Definition of cruelty in US English:

cruelty

noun

  • 1Callous indifference to or pleasure in causing pain and suffering.

    ‘he has treated her with extreme cruelty’
    • ‘The casual, unthinking cruelty of children is brilliantly evoked here.’
    • ‘There can be no neutrality between justice and cruelty, between the innocent and the guilty.’
    • ‘I felt like a Roman emperor, looking down on my subject wondering whether to show mercy or cruelty.’
    • ‘They emphasise, instead, the degree of cruelty inflicted by men on women.’
    • ‘The cruelty perpetrated on the family must cease immediately.’
    • ‘The fact that credible scientists found there was not excess suffering or cruelty involved was ignored.’
    • ‘I shall not treat either of you with undue cruelty, but neither do I have any intention of pardoning your deeds.’
    • ‘Is the response to the extreme cruelty of tyrants the defining moment of the human condition?’
    • ‘Officials acting on our behalf committed unspeakable cruelty on a man already wrongly imprisoned for 17 years.’
    • ‘A prince may be ruthless when it is prudent, but wanton cruelty is foolish.’
    • ‘Mistakes I can forgive, but deliberate intent to harm or random acts of cruelty, I find repulsive.’
    • ‘I hope the resulting media coverage will help to foster a greater awareness of the cruelty involved.’
    • ‘Maybe it was because of casual human cruelty.’
    • ‘What matters most is that prohibitions against human cruelty be hard and binding.’
    • ‘Why did people behave as they did - whether with cruelty or kindness, cravenness or courage?’
    • ‘If women resisted sexual advances, they risked physical cruelty and punishment.’
    • ‘The whole point of this storyline is that he has reduced her to a gibbering wreck through emotional and verbal cruelty without any physical violence.’
    • ‘Why were children treated with such cruelty, both physical and emotional?’
    • ‘We suffered cruelty and abandonment even as we continued to teach the world about a loving God.’
    • ‘But this temptation is dangerous because history contains too much cruelty at the hands of the pious.’
    brutality, savagery, savageness, inhumanity, barbarism, barbarousness, brutishness, bloodthirstiness, murderousness, viciousness, ferocity, ferociousness, fierceness
    View synonyms
    1. 1.1 Behavior that causes pain or suffering to a person or animal.
      ‘we can't stand cruelty to animals’
      ‘the cruelties of forced assimilation and genocide’
      • ‘There are no visual signs and so sufferers are often simply dismissed as naughty and can face unthinking cruelties from people who simply fail to realise they are dealing with a disabled person.’
      • ‘Surely one of life's greatest tragedies is that man can always come up with explanations for the unspeakable cruelties people inflict on each other.’
      • ‘Its graphic descriptions of life on a Maryland plantation, and of the cruelties he witnessed as a child and later endured himself, made the book an instant classic.’
      • ‘They could have prosecuted the people responsible for the cruelties I have written about here if they had wanted to.’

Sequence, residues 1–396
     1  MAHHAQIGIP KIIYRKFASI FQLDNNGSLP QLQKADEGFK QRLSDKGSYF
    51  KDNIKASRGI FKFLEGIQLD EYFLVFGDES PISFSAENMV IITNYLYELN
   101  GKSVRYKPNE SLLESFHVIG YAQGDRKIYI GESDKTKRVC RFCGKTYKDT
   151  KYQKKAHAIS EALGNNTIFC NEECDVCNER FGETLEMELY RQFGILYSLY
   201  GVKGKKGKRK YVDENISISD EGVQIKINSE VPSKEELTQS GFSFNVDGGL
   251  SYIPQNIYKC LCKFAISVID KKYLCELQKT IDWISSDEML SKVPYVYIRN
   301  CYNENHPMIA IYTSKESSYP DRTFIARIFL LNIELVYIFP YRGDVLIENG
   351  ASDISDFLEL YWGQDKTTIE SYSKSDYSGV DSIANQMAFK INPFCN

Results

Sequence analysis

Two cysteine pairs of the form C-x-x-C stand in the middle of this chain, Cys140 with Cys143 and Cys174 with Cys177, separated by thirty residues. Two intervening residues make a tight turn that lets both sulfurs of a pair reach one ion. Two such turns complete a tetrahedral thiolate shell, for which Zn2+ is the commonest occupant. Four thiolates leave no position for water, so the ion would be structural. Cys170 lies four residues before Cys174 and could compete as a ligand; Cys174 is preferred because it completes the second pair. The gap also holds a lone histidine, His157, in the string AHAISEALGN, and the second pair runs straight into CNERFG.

• ‘She knows better than anyone the cruelties he is capable of.’
      • ‘But because autism has no visible signs its victims are often subjected to unthinking cruelties.’
      • ‘If we are not restrained by conventions, traditions or rules we are all capable of grotesque cruelties.’
      • ‘The games, rituals, teasings, adventures and small cruelties of the children are mirrored by the squabbles and brutalities of the adults.’
      • ‘But maybe she would have warned me about the treacheries and cruelties of which some men are capable.’
      • ‘He witnessed all of slavery's cruelties, the ruthless and the petty.’
      • ‘Untold cruelties were heaped on such unfortunate souls.’
      • ‘Remember a while back when they did an investigation of an egg farm and showed all the cruelties involved?’
      • ‘Each of us has the power to make simple changes in our lives so that we don't support these cruelties.’
      • ‘It is the ‘lukewarm attitude of the authorities against the cruelties meted out to elephants’ that has annoyed them.’
      • ‘But today's children are in no mood to suffer that cruelty in silence.’
      • ‘It's the more casual cruelties which I found disturbing.’
      • ‘Harvey is at his best attacking Western intellectuals who supported communism without ever having to suffer its cruelties.’
      • ‘The most civilised troops will commit excesses and cruelties.’
      • ‘Then there is the employer whose coldness and real cruelties are something he himself cannot understand.’
      • ‘And the British middle and upper classes have perfected lethal cruelties for humiliating those who rise from below them.’
    2. 1.2Law Behavior which causes physical or mental harm to another, especially a spouse, whether intentionally or not.
      • ‘Her evidence was led in support of three so called specimen counts of rape, six of indecent assault and one of cruelty.’
      • ‘In 1948, Wyman sued for divorce, charging extreme mental cruelty.’
      • ‘Charges of dangerous driving and child cruelty were withdrawn by the prosecution.’
      • ‘He pleaded not guilty to cruelty and claimed he had entrusted the puppies to a man called Phil.’
      • ‘The jury was told that he had been convicted of grievous bodily harm and child cruelty against a girl in Essex in April 1998.’

Origin

Middle English: from Old French crualte, based on Latin crudelitas, from crudelis (see cruel).

Pronunciation

cruelty

/ˈkro͞o(ə)ltē//ˈkru(ə)lti/